A: These statutory exceptions still apply. Under the Americans With Disabilities Act (ADA) and Title VII, there are legal limits, such that a proposed accommodation can be denied when it would impose an “undue hardship” on the employer or a significant risk of substantial harm to the health or safety of the employee, the employee’s co-workers, customers or others that cannot be eliminated or sufficiently reduced by reasonable accommodation. Further, the undue hardship test under Title VII for religion is different (and lesser) than the test under the ADA — i.e., triggered when an employer is forced to undertake “more than a de minimis cost.” This can potentially include economic costs (such as lost business or hiring additional employees) and non-economic costs (such as compromising the integrity of a seniority system, increasing safety risks, or increasing the risk of legal liability from employees, customers and others). Tread carefully.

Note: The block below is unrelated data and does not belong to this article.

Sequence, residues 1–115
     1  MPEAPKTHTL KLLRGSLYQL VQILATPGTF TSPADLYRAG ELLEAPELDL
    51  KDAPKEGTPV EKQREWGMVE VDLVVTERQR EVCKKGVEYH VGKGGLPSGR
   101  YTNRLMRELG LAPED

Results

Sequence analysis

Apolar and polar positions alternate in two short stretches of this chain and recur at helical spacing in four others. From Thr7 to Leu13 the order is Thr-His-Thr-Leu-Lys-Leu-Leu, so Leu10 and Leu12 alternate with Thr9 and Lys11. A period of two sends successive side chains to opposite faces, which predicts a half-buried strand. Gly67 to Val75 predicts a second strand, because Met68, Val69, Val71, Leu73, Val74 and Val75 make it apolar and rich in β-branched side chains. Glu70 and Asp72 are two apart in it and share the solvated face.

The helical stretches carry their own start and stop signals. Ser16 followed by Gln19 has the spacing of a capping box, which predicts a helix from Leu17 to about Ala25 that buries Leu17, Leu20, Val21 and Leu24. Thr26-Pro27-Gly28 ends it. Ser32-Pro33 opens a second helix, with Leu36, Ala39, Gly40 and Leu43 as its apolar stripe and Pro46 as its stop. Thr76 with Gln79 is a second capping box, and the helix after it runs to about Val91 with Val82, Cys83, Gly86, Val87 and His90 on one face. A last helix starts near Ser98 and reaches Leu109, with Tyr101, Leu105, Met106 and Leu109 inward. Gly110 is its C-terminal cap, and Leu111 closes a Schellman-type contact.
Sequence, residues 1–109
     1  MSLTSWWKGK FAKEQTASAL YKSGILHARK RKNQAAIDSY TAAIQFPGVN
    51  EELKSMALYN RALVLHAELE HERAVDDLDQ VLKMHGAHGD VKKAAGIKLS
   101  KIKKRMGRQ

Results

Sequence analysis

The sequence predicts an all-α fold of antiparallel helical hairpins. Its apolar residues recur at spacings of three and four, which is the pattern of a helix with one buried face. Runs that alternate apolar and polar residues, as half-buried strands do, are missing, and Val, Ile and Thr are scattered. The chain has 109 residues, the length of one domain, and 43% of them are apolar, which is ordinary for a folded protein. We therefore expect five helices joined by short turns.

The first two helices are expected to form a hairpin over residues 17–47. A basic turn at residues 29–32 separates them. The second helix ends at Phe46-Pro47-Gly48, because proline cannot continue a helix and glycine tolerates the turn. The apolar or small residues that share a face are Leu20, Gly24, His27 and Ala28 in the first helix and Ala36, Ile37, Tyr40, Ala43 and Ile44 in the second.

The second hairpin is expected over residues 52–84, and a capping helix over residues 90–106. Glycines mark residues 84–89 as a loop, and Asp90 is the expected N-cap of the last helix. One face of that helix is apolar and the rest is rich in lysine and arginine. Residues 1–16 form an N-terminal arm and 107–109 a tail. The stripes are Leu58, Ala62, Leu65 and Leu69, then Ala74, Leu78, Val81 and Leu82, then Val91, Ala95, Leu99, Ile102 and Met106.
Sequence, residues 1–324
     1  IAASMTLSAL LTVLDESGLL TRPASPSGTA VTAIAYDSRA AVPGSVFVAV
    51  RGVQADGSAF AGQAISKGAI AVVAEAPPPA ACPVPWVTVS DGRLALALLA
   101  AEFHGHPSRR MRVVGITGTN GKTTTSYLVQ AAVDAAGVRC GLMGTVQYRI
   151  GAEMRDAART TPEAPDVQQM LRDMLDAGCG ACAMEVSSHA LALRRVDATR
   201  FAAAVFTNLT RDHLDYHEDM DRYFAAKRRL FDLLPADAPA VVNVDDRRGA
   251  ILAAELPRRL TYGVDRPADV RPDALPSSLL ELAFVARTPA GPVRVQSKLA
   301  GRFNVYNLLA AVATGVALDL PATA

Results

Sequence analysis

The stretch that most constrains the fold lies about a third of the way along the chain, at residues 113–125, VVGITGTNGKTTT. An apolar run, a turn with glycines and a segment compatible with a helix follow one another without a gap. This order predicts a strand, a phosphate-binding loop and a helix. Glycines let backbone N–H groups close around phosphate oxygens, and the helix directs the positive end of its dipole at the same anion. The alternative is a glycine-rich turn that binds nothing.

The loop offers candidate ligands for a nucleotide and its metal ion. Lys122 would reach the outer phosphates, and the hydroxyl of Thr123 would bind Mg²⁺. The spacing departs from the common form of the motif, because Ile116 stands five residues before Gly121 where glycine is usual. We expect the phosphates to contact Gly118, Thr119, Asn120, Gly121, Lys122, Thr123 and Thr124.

Q: Will the presence of antibodies attributable to a prior diagnosis of COVID-19 give employees a “pass” on any vaccination mandate, at least for a time?
A: This would be a logical exclusion to the vaccine and testing requirements, but there has been no indication the rules will include this exception.
Q: Will employers be required to pay for the cost of COVID-19 testing for employees who opt for weekly testing instead of receiving the vaccine?
A: It is likely employers will be required to pay. Currently, federal and most state benefits laws do not require employers to cover the cost of a COVID-19 test administered as part of “return to work” or other general operational programs. Federal regulations only require health plans and insurers to cover the full cost of a COVID-19 test for insured individuals if there is a medical reason to be tested (i.e., the individual has symptoms of COVID-19). Likewise, most state executive orders to date do not address who pays for testing.